1. says

    I think a lot of parents fall into 2 categories of intentional, blissful ignorance:

    1. Thinking most people are probably good.
    Thinking this way is the same thing that makes people say, “I never thought it could happen to me”. They impose their own morals onto the rest of the world without knowing they are doing it and think generally (despite the news on the contrary) people are good and while there are a lot of weirdos out there, my kid wont be a target.

    2. Not knowing anything about technology.
    A lot of parents just accept that their kids know more about the internet and technology in general than they do and do not work to educate themselves as vigorously as they possibly should.

    Both of these are dangerous traps for parents to fall into. If it helps, we put out a video series on social networking for parents that we’re working on finishing up now to help educate parents and help them monitor their kids online activity to keep them safe. Let us know in the comments if there is any other information that would help you in keeping your kids safe.

  2. says

    Like anything else parental supervision, monitoring as well as simply ‘checking in’ at times is a must. Since middle school students are starting to separate themselves from their parents it is vital that we be able to ‘connect’ with them while maintaining our role as parents. We need to make the time to talk about the people that they choose to associate with. If course, by now we have hopefully done our job as parents in helping to form their values early on in making good choices for friends as well. This issue should therefore be handled on a case by case basis.

  3. tinuke aiyepeku says

    I belive that parents should have a look at their children,s facebook,when they are on the networks. And that the children should not have access to their computers during school session,only on holidays;inorder to know who there are chating with.
    I think bannning the child from facebook will not be a good idea,cause some kids learn and interacts well with other friends, while some don,t.By teaching our kids the values of expressing themselves correctly and appropriately in the open world;order is our job as adult, parents and teachers.We should find a way out of stopping the bullying and bread an antibullying.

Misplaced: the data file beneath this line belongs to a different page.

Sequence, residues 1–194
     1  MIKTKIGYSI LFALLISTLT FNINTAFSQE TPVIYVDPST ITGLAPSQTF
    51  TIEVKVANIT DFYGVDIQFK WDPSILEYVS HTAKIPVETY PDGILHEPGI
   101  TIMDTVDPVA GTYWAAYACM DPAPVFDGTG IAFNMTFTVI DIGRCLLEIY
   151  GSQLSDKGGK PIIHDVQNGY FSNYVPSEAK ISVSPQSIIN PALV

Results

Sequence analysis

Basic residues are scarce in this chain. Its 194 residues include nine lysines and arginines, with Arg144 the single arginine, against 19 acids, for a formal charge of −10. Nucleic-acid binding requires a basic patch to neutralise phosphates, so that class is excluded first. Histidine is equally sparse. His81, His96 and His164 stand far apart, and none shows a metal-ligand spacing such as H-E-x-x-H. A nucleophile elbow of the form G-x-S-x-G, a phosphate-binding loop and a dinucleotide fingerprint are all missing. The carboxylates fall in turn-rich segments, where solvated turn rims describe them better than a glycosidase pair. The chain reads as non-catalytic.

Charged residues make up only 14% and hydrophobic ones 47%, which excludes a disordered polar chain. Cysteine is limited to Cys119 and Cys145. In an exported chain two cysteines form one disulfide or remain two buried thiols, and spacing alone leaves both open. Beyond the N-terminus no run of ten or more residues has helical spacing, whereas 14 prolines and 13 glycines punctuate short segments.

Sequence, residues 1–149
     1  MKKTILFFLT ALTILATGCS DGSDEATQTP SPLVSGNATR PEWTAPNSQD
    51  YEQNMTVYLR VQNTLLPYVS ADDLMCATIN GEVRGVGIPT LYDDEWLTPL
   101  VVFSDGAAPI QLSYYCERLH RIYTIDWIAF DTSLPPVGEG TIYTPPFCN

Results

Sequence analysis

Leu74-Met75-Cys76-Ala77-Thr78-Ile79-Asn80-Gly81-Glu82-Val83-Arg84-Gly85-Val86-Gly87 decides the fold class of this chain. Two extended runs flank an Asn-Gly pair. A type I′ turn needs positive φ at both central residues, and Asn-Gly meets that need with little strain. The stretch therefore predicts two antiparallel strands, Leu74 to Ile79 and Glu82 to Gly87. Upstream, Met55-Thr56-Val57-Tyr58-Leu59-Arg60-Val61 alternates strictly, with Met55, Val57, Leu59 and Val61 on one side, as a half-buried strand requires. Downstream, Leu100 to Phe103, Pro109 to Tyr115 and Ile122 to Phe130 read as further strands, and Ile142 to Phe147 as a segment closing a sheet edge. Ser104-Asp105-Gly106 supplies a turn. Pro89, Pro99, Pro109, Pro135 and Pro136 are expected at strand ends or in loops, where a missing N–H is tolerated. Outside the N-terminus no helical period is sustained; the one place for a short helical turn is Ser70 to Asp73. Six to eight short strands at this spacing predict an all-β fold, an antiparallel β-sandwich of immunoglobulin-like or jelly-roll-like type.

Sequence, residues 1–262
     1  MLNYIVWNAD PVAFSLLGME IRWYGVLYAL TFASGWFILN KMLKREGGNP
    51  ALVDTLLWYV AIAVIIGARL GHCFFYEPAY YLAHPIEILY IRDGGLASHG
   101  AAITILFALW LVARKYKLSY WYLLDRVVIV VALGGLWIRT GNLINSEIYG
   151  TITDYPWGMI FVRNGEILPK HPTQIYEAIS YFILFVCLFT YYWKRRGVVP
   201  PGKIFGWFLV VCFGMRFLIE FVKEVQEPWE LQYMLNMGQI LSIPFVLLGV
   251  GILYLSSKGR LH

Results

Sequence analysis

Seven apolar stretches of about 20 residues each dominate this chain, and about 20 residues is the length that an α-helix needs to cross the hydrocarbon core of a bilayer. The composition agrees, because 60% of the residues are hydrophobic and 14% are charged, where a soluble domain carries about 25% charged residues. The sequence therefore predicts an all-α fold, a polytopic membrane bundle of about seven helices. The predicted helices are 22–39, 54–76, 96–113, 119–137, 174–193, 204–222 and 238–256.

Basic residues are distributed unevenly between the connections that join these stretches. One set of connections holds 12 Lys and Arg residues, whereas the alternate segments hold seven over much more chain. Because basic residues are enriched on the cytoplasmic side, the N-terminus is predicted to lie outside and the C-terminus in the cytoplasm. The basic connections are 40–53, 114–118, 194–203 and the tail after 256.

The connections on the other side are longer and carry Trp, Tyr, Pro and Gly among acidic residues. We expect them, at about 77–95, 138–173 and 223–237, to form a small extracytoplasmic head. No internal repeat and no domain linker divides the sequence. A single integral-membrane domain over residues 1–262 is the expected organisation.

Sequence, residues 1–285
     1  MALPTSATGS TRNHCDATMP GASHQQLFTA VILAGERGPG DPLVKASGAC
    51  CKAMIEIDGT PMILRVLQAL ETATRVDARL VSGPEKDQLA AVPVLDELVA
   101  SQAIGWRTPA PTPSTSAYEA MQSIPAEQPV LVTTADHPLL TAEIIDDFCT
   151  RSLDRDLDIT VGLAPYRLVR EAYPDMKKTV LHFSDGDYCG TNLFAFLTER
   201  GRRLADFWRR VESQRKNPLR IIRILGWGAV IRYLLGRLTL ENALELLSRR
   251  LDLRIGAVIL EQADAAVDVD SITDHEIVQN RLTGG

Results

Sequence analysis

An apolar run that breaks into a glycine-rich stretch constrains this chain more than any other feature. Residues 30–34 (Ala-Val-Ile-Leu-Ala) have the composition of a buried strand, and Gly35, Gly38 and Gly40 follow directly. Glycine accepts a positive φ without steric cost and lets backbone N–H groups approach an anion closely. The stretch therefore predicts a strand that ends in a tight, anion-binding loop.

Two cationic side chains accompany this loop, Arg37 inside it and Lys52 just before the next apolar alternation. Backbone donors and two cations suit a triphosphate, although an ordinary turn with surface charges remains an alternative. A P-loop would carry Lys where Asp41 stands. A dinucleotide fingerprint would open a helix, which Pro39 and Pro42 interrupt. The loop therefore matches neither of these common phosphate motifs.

4. Teresa says

    I am glad to see that most people in the poll consider this a parent’s decision. I am a curriculum coordinator in an elementary school and I am bothered by the number of children in grades 2 – 6 who are on facebook. Not so much because they are simply there, but because I wonder if their parents are monitoring their child’s interactions. Are the parents aware of the dangers that exist in cyberspace?
    I can honestly say that I was not – until recently – and I am sure that I still have a lot to learn.
    My other concern is the amount of “grandstanding” that might be going on. On facebook, children have posted a status to make themselves sound cool or to pretend to be doing things they are not really doing, and they do not realize the implications of these statement. They have no understanding of the digital “record” they are creating about themselves and the negative repercussions these playful, silly, trying to be part of the in-crowd comments might someday have on their educational or career goals.
    I agree that parents should make this decision. But parents need to be making an INFORMED decision and need to make sure they become experts on the ways to monitor and regulate their child’s online behavior. To the extent that parents are held responsible for their child’s behavior in the real world, they should be held responsible online.
    An excellent resource for parents regarding this topic is

  5. Mark says

    Good discussion, and I think Brooke was wonderfully eloquent. We have two middle schoolers who do have Facebook accounts.
    There is one thing I would like to add, as I don�t see it addressed here � where are your kids using Facebook? I see posts (and know a lot of parents who say) �I have my kids password and I can check their account any time� but where are the parents while their kids are on line? Our computer is in the living room; it is a laptop, but that is where it will stay. It is in the highest traffic area of the house, and it is rare that someone is there alone in the evenings. Our kids know that we have the right to observe them on Facebook (or whatever they are doing on line) at any time, and we do.
    One other thing of note in our household; not only are we our kids friends on Facebook, but so are a number of aunts, uncles, cousins, grandparents and adult family friends – even our hip, young youth director at church – who all have an eye on what our kids are doing. Our kids are very close to their cousins, who are all college age, and the cousins are great about posting notes of encouragement and congratulations about school achievements, or just joining in on something. On a few occasions, they have even mentioned something about a post from someone they didn�t think was quite appropriate, which I think carried more weight than coming from mom or dad.
    In today�s cyber-world, it does take a cyber-village.

  6. Nicolette says